Lucky McKee, USA, 2011, 101 min.
A hunter gazes through his scope at the woman: Young, dirty, a wild animal. She is in no way attractive, covered in grime and open wounds, but he sees past that to the sexual beast he knows she is. You can feel that he has to have her.
For that scene to work you have to believe the character of the hunter, in actuality a well-off family man with a wife and three kids, is capable of those thoughts and deeds. The opening of the film sets that up well. We see him in his life, normal on the outside, but with undercurrents of something sinister. The face of his poor wife and eldest daughter show more than they are letting on.
So when he captures the woman and locks her up in the storm cellar for “rehabilitation”, and when the family is a bit surprised but goes along with it, you believe it. Because of the tone of the script and the subtlety involved in setting this up, you can buy into the film.
If that strong opening gave the film-makers some leeway, they soon squander it. Things go along well for awhile: some disturbing scenes, tension-building, mystery surrounding true motivations, etc. But at some point the story doesn’t know what to do next. Characters perform strange actions and a reveal comes that was unearned.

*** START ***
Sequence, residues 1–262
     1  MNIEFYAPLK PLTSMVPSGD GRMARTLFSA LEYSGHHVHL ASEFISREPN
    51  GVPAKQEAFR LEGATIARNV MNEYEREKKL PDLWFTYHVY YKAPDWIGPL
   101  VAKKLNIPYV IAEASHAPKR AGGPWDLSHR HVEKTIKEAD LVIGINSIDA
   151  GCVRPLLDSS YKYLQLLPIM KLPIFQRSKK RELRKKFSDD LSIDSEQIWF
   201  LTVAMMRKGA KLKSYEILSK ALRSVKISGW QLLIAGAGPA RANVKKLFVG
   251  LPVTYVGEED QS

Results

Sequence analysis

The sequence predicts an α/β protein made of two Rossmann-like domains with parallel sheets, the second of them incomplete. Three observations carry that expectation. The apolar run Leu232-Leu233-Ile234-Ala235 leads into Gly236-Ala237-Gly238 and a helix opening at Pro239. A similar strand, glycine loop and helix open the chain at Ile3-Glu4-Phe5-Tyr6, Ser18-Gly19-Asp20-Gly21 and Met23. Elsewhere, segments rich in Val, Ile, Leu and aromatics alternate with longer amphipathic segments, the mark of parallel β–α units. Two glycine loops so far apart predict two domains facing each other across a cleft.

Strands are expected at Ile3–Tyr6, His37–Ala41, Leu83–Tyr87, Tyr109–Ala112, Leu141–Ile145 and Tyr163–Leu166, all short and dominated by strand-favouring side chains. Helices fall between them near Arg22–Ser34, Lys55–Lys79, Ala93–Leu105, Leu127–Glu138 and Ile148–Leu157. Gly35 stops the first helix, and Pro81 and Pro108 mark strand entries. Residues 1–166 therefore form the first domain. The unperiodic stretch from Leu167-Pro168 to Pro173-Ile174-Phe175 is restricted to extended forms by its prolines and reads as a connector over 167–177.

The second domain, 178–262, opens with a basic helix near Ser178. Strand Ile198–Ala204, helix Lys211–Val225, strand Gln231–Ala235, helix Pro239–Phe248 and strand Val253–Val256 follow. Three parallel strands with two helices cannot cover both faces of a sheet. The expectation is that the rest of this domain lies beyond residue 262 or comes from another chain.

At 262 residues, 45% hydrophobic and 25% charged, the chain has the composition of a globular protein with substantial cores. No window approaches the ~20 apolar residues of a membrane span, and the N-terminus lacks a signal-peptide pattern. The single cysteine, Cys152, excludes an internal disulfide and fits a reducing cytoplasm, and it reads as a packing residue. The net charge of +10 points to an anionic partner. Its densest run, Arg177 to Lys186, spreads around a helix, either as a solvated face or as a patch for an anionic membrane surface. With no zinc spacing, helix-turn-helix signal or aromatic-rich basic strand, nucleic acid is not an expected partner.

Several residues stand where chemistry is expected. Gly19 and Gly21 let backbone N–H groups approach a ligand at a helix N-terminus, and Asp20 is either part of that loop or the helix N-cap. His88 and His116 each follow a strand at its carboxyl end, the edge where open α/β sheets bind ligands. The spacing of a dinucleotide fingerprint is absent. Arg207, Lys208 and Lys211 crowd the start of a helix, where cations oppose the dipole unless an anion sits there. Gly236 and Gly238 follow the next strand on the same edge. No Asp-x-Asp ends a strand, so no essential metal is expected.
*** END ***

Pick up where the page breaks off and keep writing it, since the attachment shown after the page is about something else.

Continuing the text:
The movie would have been better served concentrating on the family scenes with the domineering father: the scary Sean Bridgers. Or concentrating on the daughter and her dynamic with the young hip high school teacher: the very cool Carlee Baker.
But instead we get something made to shock us. But in this day and age, when potential shock is everywhere you look, I want something more than the standard gore/torture film. Unfortunately, after a promising opening, that is all The Woman has to offer.